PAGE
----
I realise that it can be hard to get an overall picture of a gadget’s stability from reading online reviews. These can often be a bit more doom-and-gloom, since people are more likely to shit on products that annoy them than praise products that have worked well for them. But you can certainly get a general idea of problems others have encountered with a gadget. That’s important data you can then use to evaluate the amount of risk you’re willing to accept with your potential purchase. You can also usually see if people with a similar setup have problems using whatever it is you’re looking to buy. If you’re seeing a lot of reviews like that, you might want to steer clear of the item — especially if there aren’t any obvious steps others used to get it working.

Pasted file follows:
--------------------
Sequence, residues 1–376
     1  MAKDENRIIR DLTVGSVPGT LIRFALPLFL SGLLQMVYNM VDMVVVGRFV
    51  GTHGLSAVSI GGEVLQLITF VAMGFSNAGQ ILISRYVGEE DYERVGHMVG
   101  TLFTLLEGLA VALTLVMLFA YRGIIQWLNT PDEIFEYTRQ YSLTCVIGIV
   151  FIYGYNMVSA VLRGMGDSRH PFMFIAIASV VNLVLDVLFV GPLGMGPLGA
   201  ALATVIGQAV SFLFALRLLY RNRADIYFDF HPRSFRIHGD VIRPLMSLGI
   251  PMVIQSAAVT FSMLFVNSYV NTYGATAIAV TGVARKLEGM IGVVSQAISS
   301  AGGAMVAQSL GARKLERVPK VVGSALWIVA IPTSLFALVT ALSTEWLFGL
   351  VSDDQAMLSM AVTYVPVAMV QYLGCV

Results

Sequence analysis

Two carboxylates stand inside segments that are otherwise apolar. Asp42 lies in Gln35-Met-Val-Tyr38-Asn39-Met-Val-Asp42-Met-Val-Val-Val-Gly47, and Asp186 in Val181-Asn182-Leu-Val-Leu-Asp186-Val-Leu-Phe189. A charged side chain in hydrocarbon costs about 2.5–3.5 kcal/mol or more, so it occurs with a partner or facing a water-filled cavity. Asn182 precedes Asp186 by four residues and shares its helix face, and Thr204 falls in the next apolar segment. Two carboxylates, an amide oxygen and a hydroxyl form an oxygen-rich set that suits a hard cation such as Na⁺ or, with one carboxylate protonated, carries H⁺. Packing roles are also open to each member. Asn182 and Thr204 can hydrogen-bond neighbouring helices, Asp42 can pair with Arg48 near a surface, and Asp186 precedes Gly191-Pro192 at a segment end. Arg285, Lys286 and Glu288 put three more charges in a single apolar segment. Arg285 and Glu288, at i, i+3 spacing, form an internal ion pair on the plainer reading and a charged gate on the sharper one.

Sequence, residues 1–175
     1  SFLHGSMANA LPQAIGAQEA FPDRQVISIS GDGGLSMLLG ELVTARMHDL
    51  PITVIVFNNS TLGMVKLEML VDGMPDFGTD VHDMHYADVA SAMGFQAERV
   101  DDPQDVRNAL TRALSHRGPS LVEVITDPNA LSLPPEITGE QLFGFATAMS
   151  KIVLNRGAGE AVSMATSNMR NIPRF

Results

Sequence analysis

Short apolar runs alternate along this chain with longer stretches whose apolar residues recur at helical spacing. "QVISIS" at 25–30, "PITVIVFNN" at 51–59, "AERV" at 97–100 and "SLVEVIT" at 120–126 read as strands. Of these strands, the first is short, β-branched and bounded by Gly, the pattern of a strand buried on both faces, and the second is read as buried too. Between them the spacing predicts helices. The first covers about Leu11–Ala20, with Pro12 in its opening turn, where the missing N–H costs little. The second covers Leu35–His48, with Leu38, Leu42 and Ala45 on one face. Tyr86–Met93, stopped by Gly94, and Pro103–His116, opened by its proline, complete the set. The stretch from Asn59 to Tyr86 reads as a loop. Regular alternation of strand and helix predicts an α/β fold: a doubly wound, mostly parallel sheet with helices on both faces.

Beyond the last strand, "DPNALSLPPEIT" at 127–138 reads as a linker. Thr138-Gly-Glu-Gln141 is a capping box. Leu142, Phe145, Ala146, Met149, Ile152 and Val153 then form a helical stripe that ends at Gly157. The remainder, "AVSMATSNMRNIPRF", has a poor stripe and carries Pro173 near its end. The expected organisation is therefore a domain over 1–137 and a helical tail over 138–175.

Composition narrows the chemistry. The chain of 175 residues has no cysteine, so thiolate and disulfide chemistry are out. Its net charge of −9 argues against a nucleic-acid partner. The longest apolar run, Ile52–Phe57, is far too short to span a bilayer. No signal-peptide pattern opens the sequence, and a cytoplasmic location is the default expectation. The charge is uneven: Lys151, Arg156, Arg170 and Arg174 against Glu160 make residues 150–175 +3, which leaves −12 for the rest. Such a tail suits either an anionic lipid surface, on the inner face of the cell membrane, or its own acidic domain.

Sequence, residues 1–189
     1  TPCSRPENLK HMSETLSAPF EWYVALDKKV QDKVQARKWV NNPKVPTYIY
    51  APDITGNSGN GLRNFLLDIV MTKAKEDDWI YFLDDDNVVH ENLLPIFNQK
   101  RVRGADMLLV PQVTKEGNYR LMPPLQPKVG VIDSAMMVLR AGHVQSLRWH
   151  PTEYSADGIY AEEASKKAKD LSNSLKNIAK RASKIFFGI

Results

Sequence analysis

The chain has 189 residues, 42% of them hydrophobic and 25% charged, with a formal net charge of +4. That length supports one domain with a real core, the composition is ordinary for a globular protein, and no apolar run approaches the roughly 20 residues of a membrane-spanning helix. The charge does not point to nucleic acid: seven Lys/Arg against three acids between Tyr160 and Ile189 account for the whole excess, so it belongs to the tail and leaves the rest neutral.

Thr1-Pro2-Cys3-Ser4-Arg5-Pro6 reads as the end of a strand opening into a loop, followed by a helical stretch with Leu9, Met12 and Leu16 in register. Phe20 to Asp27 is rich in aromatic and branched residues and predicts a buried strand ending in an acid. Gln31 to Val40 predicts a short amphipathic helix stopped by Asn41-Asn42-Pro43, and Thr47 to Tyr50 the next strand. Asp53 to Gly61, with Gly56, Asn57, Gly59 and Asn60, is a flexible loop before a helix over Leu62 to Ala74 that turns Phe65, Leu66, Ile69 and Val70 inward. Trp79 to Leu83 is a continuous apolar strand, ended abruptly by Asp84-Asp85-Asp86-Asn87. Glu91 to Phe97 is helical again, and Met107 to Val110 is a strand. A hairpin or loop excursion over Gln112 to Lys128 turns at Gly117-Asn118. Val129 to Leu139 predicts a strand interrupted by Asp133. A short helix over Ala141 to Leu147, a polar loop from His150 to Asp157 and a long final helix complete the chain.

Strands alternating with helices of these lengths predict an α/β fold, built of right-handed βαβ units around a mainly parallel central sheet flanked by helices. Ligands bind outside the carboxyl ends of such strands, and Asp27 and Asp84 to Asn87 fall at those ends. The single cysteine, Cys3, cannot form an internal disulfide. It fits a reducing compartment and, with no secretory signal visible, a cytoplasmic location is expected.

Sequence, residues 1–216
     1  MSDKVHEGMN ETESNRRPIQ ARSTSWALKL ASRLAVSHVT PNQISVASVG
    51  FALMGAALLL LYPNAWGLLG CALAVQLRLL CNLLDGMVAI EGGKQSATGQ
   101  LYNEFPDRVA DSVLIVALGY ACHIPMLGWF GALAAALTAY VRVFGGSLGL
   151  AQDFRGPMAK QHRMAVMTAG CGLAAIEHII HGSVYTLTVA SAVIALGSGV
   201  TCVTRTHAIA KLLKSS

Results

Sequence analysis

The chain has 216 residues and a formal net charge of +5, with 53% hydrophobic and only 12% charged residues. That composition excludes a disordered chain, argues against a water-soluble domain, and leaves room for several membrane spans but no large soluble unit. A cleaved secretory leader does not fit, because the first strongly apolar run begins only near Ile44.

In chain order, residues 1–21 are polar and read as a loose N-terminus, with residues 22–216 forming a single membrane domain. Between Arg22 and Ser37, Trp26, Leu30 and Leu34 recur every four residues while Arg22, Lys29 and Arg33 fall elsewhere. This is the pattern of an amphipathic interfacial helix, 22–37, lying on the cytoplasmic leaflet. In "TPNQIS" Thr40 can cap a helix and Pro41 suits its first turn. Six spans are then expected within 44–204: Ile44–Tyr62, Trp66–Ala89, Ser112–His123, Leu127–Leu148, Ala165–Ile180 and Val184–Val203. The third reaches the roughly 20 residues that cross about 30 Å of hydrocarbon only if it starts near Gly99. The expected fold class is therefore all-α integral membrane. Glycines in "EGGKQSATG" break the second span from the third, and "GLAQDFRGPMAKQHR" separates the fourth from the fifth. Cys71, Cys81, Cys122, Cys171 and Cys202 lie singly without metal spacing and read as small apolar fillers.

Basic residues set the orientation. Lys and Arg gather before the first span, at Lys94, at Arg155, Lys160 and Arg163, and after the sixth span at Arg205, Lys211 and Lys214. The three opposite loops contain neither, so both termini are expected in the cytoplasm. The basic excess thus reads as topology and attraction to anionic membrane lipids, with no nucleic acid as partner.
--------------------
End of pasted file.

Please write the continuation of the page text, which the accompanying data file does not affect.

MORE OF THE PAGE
What you can do about a fussy Bluetooth gadget
My first thought is that you’ll want to make sure your MacBook Pro is fully updated with the latest operating system Apple offers — macOS Catalina, as of this writing. And, of course, you’ll want to follow your earbuds’ instructions to put them in pairing mode, then search for them via both the Mac’s taskbar icon for Bluetooth and the Bluetooth section of System Preferences. It’s possible that pairing is messing up in one scenario, but will work fine in the other.
You can also try resetting your Mac’s Bluetooth module. Hold down Shift+Option and click on the Bluetooth icon in your taskbar, which should pop up a screen that has a Reset option. (This might also be under a “Debug” menu, depending on your macOS version.)
Click on that and try the pairing process again once the reset finishes. With luck, that might help your Bluetooth earbuds get connected.